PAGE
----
E. coli ATCC 11229 strain (Fig. 13) significantly reacted when combined AM with Epilobi hirsuti polar extracts; the whole extract P8 (by 38%), the selective aqueous P8aq fraction (by 38%) and ethyl acetate P8ea (by 61%) fraction. Synergistic effects were also recorded by combining the aqueous P8aq fraction with TE (by 37%) and SXT (by 42%) antibiotics. E. coli ATCC 8739 strain (Fig. 14) reacted when TE was combined with Epilobi hirsuti herba polar extracts; the whole extract (P8) lead to the increase of the inhibition zone by 21%, the selective aqueous (P8aq) fraction by 33% and ethyl acetate (P8ea) fraction by 29%. Significant increases of the inhibition zone diameters were highlighted for the combination of the selective aqueous (P8aq) fraction and selective ethyl acetate (P8ea) fraction with SXT (by 28% and 21%, respectively) and FOX (by 20% for both fractions) as well as by combining Epilobi hirsuti herba whole extract (P8) with CIP (by 21%), all compared to reference sample.
Collectively, our results suggest synergistic effects between myricetin and/or myricetin-galloyl derivates and Tetracycline, on P. aeruginosa and E. coli strains. Similarly, an increased efficacy of Amoxicillin, Ampicillin and Cefoxitine in combination with myricetin has been previously reported .
Epilobim hirsutum L. is a valuable phytomedicine worldwide renowned for its benefits on skin and prostate tissues thus resulting in numerous plant derived products, herbal medicines, cosmetics and hygiene products as well. The most frequent commercial applications of Epilobium sp. refer to topical curative (anti-irritant, anti-inflammatory and anti-oxidant) products. As for internal use, the extracts from Epilobium sp. can be found as different formulations (capsules, softgel capsules), single or in combination with other plant-derived products, primarily for prostate treatment. Romanian folk medicine and corresponding commercial products recommend Epilobi hirsuti plant derived products for treating urinary, liver, gastric and intestinal disorders too. Given the high interest for Epilobi hirsuti plant derived products in managing urinary, but also various digestive system disorders, studying Epilobi hirsuti herba extracts capacity to influence the in vitro activity of some usual antibiotics is of high importance.
In this way, our studies indicated that, in terms of the susceptibility to Epilobi hirsuti herba extracts (EHE), the nine bacterial strains ranged from sensitive (S. epidermidis ATCC 12228) to very resistant (E. coli strains), E. faecalis ATCC 29212 being practically immune to Epilobium active compounds. Thus, if the polar extracts, including whole extract (P8), and aqueous (P8aq) and ethyl acetate (P8ea) fractions were very effective on S. epidermidis ATCC 12228, P. mirabilis ATCC 29245, P. aeruginosa ATCC 27853 and S. aureus ATCC 25923 strains (MIC values from 50 to 200 μg GAE mL-1 sample), the non-polar, chloroform (P8chl) fraction, was effective mainly on S. epidermidis ATCC 12228.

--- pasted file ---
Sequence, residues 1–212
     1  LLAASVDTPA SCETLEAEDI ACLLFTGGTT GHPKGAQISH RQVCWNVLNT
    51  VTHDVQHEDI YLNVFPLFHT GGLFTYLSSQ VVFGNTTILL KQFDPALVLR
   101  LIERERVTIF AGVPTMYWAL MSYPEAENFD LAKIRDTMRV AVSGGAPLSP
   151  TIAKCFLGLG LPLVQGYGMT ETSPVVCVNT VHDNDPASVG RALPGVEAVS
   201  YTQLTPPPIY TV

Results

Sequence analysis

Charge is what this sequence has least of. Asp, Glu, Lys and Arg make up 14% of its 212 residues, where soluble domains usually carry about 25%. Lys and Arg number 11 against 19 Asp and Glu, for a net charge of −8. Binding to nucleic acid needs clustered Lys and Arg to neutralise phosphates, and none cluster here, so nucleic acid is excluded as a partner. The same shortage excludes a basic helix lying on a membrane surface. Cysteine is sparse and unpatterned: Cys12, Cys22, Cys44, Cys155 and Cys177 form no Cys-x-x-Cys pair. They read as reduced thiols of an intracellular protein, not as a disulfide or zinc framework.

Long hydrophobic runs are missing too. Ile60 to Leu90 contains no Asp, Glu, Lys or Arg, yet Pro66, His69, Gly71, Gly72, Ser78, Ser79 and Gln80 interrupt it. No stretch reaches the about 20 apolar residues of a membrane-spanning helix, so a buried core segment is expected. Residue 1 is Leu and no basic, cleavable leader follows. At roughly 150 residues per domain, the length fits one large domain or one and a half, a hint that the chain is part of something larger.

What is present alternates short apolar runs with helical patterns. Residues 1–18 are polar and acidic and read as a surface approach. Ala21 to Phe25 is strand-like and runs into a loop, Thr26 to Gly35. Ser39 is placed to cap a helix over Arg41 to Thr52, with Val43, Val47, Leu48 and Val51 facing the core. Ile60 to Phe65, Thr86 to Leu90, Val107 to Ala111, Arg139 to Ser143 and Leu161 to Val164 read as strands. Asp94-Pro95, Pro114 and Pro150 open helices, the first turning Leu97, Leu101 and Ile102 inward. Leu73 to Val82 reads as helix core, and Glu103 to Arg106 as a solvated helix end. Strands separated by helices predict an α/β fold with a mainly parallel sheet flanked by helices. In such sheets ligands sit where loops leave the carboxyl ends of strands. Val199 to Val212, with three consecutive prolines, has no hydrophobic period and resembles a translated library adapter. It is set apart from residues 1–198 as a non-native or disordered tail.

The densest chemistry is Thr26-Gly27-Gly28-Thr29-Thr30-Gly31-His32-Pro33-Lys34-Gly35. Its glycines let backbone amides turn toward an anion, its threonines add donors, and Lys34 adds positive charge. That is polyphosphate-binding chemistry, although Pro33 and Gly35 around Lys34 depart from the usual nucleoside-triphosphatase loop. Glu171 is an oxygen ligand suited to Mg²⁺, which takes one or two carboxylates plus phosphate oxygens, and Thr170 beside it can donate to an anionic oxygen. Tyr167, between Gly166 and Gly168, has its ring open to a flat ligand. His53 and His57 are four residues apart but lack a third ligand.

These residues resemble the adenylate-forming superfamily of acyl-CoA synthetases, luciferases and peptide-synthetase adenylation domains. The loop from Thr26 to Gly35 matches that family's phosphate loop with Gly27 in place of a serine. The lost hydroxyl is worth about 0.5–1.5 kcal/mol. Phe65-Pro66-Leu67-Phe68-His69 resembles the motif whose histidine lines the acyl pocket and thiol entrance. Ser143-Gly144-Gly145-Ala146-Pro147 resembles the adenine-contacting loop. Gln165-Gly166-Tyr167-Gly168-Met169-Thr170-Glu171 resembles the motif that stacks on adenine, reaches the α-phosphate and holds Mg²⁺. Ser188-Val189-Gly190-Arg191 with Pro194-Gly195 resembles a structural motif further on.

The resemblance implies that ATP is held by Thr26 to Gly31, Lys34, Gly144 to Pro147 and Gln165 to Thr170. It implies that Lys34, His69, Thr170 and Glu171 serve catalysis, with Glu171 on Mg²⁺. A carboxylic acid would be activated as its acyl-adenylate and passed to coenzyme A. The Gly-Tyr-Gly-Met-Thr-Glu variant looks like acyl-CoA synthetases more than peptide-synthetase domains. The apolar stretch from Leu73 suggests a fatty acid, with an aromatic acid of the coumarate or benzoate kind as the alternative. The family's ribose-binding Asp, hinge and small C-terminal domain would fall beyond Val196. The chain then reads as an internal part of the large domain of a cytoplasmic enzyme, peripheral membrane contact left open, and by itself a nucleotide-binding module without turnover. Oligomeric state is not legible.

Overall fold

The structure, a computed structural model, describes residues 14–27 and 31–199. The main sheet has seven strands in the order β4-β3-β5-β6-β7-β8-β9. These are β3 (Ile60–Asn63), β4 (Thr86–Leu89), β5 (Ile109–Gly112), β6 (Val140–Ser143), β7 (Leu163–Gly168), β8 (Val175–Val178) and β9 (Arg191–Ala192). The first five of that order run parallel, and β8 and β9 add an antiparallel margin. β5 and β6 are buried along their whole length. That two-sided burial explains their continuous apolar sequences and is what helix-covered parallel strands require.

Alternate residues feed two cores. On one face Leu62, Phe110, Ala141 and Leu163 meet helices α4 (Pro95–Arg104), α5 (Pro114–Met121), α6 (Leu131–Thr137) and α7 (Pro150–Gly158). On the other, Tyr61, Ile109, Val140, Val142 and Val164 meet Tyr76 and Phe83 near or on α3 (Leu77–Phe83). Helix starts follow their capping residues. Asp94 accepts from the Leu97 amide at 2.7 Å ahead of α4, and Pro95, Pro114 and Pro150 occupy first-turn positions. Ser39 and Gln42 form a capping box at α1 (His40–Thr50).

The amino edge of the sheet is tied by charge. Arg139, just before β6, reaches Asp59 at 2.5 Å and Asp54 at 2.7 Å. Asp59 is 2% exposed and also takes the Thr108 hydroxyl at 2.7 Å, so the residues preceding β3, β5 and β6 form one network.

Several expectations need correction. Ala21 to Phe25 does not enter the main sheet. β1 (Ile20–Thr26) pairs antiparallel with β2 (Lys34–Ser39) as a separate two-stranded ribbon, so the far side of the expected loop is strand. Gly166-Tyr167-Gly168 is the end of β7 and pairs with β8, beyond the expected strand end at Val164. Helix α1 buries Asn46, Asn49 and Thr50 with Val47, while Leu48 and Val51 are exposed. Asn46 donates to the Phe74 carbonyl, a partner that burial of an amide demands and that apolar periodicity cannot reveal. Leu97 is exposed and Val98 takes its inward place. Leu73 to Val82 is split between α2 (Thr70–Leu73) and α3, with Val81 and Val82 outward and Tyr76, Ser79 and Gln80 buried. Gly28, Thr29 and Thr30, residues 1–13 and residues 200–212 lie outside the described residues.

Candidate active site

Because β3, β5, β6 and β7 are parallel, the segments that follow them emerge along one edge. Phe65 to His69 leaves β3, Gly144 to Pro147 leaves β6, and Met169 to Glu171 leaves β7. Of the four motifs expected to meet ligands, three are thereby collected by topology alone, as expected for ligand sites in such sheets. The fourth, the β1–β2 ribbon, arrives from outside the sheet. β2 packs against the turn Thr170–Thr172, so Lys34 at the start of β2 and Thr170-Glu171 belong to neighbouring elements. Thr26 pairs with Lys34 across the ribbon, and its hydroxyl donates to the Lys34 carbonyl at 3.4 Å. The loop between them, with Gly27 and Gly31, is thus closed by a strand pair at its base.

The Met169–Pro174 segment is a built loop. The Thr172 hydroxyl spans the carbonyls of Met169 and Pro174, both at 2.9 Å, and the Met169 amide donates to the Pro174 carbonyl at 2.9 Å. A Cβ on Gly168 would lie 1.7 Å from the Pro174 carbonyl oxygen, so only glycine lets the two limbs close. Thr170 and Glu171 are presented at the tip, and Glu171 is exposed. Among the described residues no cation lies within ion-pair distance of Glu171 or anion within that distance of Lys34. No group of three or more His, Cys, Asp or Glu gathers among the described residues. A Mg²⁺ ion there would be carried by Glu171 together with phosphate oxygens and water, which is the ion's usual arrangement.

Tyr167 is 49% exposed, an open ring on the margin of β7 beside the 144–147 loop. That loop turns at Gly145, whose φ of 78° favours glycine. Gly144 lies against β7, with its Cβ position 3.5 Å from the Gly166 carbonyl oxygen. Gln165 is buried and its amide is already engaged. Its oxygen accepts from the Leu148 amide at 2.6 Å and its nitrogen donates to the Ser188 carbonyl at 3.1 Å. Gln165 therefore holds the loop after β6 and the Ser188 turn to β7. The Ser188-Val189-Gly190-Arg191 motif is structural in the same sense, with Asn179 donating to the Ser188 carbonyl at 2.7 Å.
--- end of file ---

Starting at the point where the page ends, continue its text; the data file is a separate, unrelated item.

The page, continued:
In terms of the synergistic interaction with some common antimicrobials (antibiotics), Tetracycline (TE) established the biggest number of interactions (eleven) and with all tested Epilobi hirsuti herba whole and selective extracts, this property being highlighted by the enlargement of the inhibition zones diameter by 19 to 55% compared to the antibiotic alone. Comparatively, Ciprofloxacin (CIP) established six synergistic interactions with all tested extracts with the exception of selective aqueous fractions, their intensity ranging from 14% to 33% compared to the antibiotic alone. Sulfamethoxazole/Trimethoprim (SXT) established six synergistic interactions with selective fractions only, their intensity ranging from 17% to 42%. Ampicillin (AM) established five synergistic interactions with all Epilobi hirsuti herba whole and selective extracts, their intensity ranging from 16% to 61%. Cefoxitine (FOX) established four synergistic interactions with selective fractions only, their intensity ranging from 16% to 31%, while Gentamicin (CN) revealed only weak stimulator effects in combination with both, polar and non-polar Epilobi hirsuti herba extracts.
Together, these results demonstrate not only Epilobi hirsuti herba extracts own antimicrobial properties, but also the capacity to influence the antimicrobial potency of some common antibiotics.
These results could be useful for the area of herbal medicines and as potential candidates in managing microbial resistance, but also for physicians and pharmacists using combined antibacterial therapy.
 Kosalec I., Kopjar I., Kremer D., Antimicrobial activity of Willowherb (Epilobium angustifolium L.) leaves and flowers, Curr Drug Targets, 2013, 14, 986-91.10.2174/13894501113149990177Search in Google Scholar PubMed
 Silló S., Varga E., Belák Á., Maráz A., Phytochemical and antimicrobial investigation of Epilobium angustifolium L, Acta Pharm Hung., 2014, 84, 105-10.Search in Google Scholar
 Hevesi Tóth B., Blazics B., Kéry A., Polyphenol composition and antioxidant capacity of Epilobium species, Journal of pharmaceutical and biomedical analysis, 2009, 49, 26-31.10.1016/j.jpba.2008.09.047Search in Google Scholar PubMed
 Kiss AK., Bazylko A., Filipek A., Granica S., Jaszewska E., Kiarszys U., Kośmider A., Piwowarski J., Oenothein B’s contribution to the anti-inflammatory and antioxidant activity of Epilobium sp., Phytomedicine: international journal of phytotherapy and phytopharmacology, 2011, 18, 557-60.10.1016/j.phymed.2010.10.016Search in Google Scholar PubMed
 Granica Sx., Piwowarski JP., Czerwińska ME., Kiss AK., Phytochemistry, pharmacology and traditional uses of different Epilobium species (Onagraceae): A review, Journal of ethnopharmacology, DOI: 10.1016/j.jep.2014.08.036.10.1016/j.jep.2014.08.036.Search in Google Scholar